Florida Business Profile
How a restless assistant principal built the nation's leading online public school.
Young, who makes $180,000 a year, also created a culture different from that in traditional schools. "We made the decision that if something wasn't working, we were not going to wait to the next school year to change it. I loved the creative and innovative part of being able to make it up as we went along." She would be "Julie" rather than "Mrs. Young" to the teachers and staff. Florida Virtual wouldn't be tied to an academic year; students would work at their own pace, as part of an "any time, any place, any path, any pace" mantra. She opened classes to home-schoolers and private school students. Her workforce isn't unionized. It pays more for instructors in hard-to-fill or critical-need areas.
The screen shows the interface used by students in an online economics course. This year, the Legislature passed the Digital Learning Now Act mandating that all state high school students take at least one class online to graduate. [Photo: Florida Virtual School]
Starting with 77 students, the school grew rapidly. Kids with chronic health problems and kids with athletic careers saw it as a solution to their needs. It enabled students to take classes they couldn't fit in their schedules or AP classes their schools didn't offer, an issue in rural and inner-city schools.
Some used it to accelerate ahead of their peers. Others used it to make up an F in traditional school without falling behind peers. Most important, virtual learning made time malleable. Unlike in traditional schools, a student who got a D on the chapter 4 algebra test on Friday could go back and master it rather than be forced to move on to chapter 5 with the rest of the class on Monday.
Some districts weren't receptive and kept students out of Florida Virtual, but others were eager. When the Broward district wanted to put more students in online classes than Young could accommodate, the district and Young worked out a franchise agreement: Young provided the curriculum; the district provided the teachers. By 2009, 17,394 students were taking Florida Virtual classes through such district franchises.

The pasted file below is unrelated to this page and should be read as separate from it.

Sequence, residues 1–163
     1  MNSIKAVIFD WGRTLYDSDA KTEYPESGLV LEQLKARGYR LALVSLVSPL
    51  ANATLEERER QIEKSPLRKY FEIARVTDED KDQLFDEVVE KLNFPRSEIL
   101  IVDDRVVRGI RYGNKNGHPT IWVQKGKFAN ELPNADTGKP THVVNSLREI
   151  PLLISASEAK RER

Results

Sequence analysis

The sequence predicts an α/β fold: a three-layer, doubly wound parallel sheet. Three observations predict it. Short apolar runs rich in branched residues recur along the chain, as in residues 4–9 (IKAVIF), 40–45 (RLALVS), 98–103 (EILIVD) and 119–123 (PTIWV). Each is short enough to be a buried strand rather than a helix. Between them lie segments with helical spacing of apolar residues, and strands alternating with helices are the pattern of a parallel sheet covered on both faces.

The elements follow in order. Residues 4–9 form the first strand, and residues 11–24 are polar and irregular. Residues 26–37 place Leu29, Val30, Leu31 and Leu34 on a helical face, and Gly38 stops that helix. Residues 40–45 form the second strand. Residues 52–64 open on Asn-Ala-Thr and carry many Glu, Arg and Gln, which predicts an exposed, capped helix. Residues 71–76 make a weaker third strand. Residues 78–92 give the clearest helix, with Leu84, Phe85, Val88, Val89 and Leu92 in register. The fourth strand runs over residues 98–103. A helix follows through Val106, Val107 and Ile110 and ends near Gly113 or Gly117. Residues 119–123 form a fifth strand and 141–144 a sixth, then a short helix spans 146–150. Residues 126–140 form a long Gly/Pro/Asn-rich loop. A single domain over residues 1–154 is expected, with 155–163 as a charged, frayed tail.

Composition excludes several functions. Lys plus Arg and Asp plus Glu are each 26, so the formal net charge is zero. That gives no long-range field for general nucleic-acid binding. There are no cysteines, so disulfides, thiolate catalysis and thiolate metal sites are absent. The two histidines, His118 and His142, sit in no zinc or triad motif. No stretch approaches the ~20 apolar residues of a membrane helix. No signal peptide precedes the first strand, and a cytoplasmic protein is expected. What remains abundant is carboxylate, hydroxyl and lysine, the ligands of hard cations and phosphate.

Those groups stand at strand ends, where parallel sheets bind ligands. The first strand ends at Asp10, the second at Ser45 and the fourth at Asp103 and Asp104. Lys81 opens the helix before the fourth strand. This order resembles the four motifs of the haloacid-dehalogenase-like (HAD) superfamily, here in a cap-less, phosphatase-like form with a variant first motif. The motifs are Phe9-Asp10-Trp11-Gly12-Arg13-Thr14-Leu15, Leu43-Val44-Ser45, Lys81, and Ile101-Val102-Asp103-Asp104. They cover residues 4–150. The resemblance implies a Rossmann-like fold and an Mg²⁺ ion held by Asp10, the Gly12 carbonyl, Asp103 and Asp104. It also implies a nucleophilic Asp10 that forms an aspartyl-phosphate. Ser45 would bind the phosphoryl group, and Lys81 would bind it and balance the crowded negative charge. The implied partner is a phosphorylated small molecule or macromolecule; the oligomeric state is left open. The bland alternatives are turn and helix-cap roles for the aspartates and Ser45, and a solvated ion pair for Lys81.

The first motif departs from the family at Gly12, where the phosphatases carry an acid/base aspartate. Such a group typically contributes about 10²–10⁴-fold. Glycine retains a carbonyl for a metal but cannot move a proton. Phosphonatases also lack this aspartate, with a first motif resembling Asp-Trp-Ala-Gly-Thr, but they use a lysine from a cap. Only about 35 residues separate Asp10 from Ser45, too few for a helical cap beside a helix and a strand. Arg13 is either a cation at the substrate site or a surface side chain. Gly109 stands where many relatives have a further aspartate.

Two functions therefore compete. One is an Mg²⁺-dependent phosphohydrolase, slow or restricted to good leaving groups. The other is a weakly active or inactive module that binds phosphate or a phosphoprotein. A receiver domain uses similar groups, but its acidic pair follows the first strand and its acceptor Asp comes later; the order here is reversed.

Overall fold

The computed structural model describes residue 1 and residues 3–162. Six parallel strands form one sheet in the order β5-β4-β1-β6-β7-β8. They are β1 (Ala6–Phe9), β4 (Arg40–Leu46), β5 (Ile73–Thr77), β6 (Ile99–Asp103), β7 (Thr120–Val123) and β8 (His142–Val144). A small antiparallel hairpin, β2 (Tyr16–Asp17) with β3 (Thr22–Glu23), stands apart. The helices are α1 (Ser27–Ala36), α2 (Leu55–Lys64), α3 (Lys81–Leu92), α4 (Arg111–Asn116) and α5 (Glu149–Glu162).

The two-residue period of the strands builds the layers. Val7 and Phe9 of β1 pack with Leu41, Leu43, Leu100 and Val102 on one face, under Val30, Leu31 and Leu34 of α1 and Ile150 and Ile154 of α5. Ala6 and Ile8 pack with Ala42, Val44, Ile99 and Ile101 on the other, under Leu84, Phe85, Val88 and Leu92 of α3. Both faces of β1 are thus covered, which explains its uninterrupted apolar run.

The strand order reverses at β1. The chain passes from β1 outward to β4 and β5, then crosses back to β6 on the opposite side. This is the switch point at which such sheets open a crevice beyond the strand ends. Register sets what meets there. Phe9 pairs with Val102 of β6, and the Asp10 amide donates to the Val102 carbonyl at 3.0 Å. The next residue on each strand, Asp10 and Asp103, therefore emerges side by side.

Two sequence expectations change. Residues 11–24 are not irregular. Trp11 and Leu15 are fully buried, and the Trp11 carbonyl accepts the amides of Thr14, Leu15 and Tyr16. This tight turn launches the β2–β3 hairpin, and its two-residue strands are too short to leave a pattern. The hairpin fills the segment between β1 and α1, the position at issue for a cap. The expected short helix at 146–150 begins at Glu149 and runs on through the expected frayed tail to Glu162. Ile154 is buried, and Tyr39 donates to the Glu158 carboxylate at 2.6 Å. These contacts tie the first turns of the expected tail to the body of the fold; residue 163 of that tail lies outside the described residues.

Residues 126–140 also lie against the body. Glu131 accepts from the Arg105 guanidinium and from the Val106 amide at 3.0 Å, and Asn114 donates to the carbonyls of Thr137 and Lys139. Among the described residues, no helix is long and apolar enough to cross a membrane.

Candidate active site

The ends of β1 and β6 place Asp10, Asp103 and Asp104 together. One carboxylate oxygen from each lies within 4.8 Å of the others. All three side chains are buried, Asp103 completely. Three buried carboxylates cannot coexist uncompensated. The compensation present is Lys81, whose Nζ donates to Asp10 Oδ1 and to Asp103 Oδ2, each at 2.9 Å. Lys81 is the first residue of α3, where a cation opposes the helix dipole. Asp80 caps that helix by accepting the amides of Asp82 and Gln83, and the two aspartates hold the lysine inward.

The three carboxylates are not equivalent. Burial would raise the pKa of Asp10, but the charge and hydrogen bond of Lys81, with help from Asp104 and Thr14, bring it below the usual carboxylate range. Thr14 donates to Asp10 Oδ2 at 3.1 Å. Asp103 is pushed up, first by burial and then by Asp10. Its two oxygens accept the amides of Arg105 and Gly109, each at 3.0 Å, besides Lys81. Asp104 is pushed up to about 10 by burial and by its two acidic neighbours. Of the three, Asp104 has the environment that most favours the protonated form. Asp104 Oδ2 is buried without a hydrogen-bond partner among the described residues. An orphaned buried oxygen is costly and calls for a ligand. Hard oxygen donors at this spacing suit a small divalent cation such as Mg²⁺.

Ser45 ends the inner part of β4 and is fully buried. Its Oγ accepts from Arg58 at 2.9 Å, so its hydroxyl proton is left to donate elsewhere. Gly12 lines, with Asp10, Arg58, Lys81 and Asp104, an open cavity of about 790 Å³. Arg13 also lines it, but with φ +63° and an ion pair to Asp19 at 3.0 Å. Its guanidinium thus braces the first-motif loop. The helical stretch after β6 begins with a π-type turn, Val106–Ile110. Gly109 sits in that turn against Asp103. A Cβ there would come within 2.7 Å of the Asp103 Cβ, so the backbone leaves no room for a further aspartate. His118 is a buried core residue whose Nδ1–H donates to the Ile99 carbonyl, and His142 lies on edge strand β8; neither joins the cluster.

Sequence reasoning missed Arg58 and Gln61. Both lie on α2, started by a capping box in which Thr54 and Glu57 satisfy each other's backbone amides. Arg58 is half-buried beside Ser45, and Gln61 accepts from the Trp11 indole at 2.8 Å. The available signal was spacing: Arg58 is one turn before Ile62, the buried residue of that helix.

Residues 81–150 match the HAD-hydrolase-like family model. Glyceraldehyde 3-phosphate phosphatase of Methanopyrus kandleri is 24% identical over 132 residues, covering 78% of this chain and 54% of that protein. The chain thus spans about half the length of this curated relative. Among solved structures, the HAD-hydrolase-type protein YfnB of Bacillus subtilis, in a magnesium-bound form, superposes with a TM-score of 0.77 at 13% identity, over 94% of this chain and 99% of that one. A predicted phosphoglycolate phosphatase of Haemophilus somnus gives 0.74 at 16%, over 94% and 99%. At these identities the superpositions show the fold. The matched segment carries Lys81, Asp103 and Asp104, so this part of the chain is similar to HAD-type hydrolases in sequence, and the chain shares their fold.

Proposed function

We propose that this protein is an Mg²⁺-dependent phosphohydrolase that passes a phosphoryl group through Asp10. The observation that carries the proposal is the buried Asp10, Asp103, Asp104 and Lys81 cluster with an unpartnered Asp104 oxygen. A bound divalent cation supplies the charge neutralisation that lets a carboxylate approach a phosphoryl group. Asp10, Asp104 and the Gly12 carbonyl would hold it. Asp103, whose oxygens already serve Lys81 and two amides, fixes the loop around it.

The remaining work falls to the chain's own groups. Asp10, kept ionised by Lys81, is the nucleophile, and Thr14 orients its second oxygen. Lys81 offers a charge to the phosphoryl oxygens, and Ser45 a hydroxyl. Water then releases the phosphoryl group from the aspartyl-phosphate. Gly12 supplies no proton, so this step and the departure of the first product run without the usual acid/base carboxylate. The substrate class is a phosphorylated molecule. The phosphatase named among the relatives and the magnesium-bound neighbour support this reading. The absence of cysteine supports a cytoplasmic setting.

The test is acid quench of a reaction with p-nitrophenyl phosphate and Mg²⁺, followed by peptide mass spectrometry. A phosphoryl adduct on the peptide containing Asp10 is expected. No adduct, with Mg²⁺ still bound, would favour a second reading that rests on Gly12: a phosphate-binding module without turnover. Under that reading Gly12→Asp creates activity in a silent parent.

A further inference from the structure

The voter-approved 2003 constitutional amendment limiting class size spurred growth. Cash-strapped districts faced with finding and paying a new AP calculus teacher because a class was five or 10 students over the class-size ceiling instead sent them to Florida Virtual.
Traditional educators had their doubts. How could Florida Virtual know whether the student knocking the quadratic equation questions out of the park on the home computer was the same one registered for the course? Where was the evidence that students learned as well online?
Young says cheating always will be an issue for both online and brick-and-mortar schools but that an academic integrity group and the voice-to-voice contact — including oral assessments and phone chats with parents — keep students honest.
On efficacy, the breakthrough came in a 2007 study by Florida TaxWatch's Center for Educational Performance and Accountability that found Florida Virtual saved the state money and its students performed better. Nationally, research shows virtual schooling is "at least" as effective as traditional schooling, says Cathy Cavanaugh, a University of Florida associate professor and online education authority. As in traditional school, results depend on the quality of the teacher and how well the student fits with a teacher or approach, she says.
The marketplace offered its own validation. Demand from outside Florida led Young to create a self-supporting operation for out-of-state students. Revenue from the Global School last year reached $5.5 million, with some course profit margins as high as 50%.
Florida Virtual science instructor Denise Munroe communicates with a student. As part of online coursework, teachers and students are required to have voice-to-voice communication along with their online interactions. [Photo: Florida Virtual School]
Nationally, online ed is booming. Enrollment is growing by 46% each year, and by 2019 half of high school courses will be delivered online, according to the International Association for K-12 Online Learning.
Bush and former West Virginia Gov. Bob Wise lead a Digital Learning Now initiative to promote a new paradigm nationally. Wise has said that online learning solves challenges facing the nation such as the lack of education attainment needed in a global market and declining state revenue.